Psaki says root cause of organized retail crime is the COVID-19 pandemic
White House official adds that theft is 'absolutely unacceptable'
White House press secretary Jen Psaki said Thursday the root cause of the spike in organized retail crime is the COVID-19 pandemic, saying the Biden administration is working with a number of communities across the nation to "crack down" on crime in those neighborhoods.
Smash-and-grab looters have been targeting stores across the nation in recent weeks, robbing retailers of thousands of dollars in merchandise in cities like San Francisco, Los Angeles, Chicago, Seattle, New York and Minneapolis.
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Psaki, during a White House press briefing Thursday, said that President Biden has called for an increase in funding to support local police departments and "ensure that local communities are working in partnership to crack down on crime and any dangers they see in their communities."
"We've also worked with a range of communities across the country on strike forces," Psaki continued, adding that the administration is "continuing to implement that from the Department of Justice.
"But the president absolutely believes that community police forces can have an important instrumental effect in helping keep communities safe."
Psaki pointed to guns and the COVID-19 pandemic as "root" causes of the spike in organized retail theft.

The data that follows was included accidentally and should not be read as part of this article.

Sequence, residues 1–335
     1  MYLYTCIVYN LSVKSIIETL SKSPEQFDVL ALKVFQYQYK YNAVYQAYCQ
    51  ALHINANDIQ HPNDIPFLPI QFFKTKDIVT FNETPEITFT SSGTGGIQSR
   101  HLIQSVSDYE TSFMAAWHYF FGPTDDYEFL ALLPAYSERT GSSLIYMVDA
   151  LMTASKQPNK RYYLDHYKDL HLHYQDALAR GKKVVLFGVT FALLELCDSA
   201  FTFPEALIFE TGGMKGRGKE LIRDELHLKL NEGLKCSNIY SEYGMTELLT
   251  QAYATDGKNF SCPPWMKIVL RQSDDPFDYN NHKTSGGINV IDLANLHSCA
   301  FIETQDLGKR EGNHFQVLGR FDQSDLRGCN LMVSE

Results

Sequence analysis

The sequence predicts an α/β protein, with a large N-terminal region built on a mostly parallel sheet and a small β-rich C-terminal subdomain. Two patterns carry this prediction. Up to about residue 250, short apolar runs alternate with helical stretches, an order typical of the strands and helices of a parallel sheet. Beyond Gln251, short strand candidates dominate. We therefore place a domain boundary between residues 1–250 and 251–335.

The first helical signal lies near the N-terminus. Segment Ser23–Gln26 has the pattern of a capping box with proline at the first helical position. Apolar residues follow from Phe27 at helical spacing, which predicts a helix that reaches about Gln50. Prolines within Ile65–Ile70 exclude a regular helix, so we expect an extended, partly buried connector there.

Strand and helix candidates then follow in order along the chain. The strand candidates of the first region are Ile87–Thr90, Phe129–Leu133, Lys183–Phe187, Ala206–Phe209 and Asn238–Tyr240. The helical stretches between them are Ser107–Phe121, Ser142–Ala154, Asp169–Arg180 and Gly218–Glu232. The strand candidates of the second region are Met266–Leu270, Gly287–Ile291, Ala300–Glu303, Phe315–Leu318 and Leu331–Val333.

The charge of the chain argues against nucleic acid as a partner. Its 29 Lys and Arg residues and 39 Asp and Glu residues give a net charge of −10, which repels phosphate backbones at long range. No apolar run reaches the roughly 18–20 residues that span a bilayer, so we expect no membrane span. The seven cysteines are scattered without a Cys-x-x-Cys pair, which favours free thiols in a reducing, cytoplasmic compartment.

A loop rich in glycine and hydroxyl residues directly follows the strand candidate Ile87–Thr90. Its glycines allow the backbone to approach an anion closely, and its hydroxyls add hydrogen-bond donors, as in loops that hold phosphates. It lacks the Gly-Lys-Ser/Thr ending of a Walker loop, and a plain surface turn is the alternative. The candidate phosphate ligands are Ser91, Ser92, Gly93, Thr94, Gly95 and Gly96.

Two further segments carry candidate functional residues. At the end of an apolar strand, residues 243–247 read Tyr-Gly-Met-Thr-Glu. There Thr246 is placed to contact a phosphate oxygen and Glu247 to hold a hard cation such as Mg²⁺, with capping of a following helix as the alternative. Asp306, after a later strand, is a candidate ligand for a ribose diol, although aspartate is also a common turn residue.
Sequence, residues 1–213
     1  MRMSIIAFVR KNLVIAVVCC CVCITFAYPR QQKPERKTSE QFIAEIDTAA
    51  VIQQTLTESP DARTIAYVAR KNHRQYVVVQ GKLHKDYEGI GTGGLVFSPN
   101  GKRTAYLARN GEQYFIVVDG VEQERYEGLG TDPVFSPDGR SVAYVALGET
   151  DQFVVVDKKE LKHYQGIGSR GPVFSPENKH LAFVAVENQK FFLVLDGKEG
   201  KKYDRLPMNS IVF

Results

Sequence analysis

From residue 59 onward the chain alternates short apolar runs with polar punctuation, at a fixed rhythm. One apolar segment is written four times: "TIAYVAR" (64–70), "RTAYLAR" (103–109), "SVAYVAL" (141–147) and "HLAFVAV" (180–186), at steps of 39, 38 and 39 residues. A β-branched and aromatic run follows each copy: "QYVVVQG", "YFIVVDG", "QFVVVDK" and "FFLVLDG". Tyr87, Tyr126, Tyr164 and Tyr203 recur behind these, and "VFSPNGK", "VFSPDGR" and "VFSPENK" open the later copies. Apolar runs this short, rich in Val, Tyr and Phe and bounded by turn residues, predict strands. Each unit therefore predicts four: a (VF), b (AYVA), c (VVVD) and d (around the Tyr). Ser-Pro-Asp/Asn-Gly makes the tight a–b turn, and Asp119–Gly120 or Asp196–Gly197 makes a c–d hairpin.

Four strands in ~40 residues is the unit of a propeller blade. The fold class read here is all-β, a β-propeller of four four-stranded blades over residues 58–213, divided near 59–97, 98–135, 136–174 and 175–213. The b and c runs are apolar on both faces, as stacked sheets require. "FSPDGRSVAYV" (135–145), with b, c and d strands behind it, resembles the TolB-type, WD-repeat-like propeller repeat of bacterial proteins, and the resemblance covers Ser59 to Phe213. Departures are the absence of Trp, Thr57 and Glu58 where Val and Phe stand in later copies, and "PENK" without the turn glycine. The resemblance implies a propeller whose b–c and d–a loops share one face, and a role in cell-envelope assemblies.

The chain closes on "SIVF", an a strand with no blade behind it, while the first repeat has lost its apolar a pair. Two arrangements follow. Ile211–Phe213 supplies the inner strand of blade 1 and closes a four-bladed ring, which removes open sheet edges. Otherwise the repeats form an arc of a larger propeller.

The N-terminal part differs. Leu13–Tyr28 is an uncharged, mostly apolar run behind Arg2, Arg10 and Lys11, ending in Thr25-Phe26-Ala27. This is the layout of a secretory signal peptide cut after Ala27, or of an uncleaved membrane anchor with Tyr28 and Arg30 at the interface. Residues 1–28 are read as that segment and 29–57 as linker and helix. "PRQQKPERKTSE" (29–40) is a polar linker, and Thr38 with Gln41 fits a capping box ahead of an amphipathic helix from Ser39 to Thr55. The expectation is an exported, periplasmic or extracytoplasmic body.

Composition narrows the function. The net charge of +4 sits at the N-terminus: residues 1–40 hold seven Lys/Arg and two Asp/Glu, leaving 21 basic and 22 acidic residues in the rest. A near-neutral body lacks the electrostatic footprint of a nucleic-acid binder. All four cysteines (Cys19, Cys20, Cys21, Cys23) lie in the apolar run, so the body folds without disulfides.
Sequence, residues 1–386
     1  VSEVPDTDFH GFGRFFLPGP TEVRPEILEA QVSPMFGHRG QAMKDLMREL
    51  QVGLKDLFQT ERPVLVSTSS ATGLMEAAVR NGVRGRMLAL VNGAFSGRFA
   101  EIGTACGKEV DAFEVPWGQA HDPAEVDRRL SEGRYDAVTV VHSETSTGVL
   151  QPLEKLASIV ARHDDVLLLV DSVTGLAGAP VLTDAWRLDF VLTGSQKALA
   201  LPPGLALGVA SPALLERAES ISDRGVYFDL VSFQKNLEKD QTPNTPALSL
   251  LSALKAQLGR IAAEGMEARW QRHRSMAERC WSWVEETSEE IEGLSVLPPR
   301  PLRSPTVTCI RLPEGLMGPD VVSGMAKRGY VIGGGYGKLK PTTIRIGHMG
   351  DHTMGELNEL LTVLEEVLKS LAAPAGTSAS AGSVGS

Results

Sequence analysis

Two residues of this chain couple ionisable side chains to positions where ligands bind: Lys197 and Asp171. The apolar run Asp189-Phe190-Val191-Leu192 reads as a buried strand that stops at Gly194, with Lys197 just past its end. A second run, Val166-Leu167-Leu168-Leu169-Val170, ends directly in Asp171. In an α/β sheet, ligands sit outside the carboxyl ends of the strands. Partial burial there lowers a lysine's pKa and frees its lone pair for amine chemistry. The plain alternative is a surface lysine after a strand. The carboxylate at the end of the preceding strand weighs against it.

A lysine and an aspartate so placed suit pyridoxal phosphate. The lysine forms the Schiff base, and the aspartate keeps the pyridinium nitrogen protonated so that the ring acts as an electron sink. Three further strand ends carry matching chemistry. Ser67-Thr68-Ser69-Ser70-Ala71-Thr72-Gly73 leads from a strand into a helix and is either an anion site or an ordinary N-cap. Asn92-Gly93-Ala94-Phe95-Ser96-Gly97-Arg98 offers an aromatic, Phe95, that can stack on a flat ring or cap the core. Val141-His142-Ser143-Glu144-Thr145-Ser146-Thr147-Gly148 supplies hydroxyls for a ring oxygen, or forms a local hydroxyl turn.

"One of the root reasons of crime in communities is guns and gun violence, and we’ve seen that statistically around the country," Psaki said, adding that a "root cause in a lot of communities is the pandemic."
A White House official told Fox News Thursday that the administration is monitoring reports of looting and said that officials have seen "some of the disturbing videos documenting these thefts."
"This sort of conduct is absolutely unacceptable, and we’re using every resource at our disposal to support local authorities and crack down on organized retail theft," the official said.
The official added that the Justice Department, the FBI and federal law enforcement have been in contact with jurisdictions where this has happened to offer assistance in investigations.
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In Los Angeles, the official said, the FBI is "providing assistance to a multi-jurisdictional task force led by LAPD and [the Los Angeles County Sheriff's Department] to go after the criminal groups who are behind many of these incidents."
"In addition to those steps, the president has also given communities historic levels of funding through the Rescue Plan to put more cops on the beat for effective, accountable, community policing, as well as invest in community programs proven to reduce crime," the official said.
Meanwhile, the Department of Justice announced recently that San Francisco and Los Angeles – where a number of high-profile retail thefts have happened – will get funding to hire 50 and 20 more police officers, respectively, through the $140 million COPS program the president has championed, the official said.
"These are all steps that we know are going to reduce crime and make our communities, our neighborhoods and our stores safer for all of us," the official said.